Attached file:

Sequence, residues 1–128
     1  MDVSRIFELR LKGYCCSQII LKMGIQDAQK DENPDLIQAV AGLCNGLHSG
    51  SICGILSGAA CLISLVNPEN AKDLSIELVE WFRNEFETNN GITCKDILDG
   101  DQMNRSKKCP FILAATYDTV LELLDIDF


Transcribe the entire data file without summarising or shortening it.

Sequence, residues 1–128
     1  MDVSRIFELR LKGYCCSQII LKMGIQDAQK DENPDLIQAV AGLCNGLHSG
    51  SICGILSGAA CLISLVNPEN AKDLSIELVE WFRNEFETNN GITCKDILDG
   101  DQMNRSKKCP FILAATYDTV LELLDIDF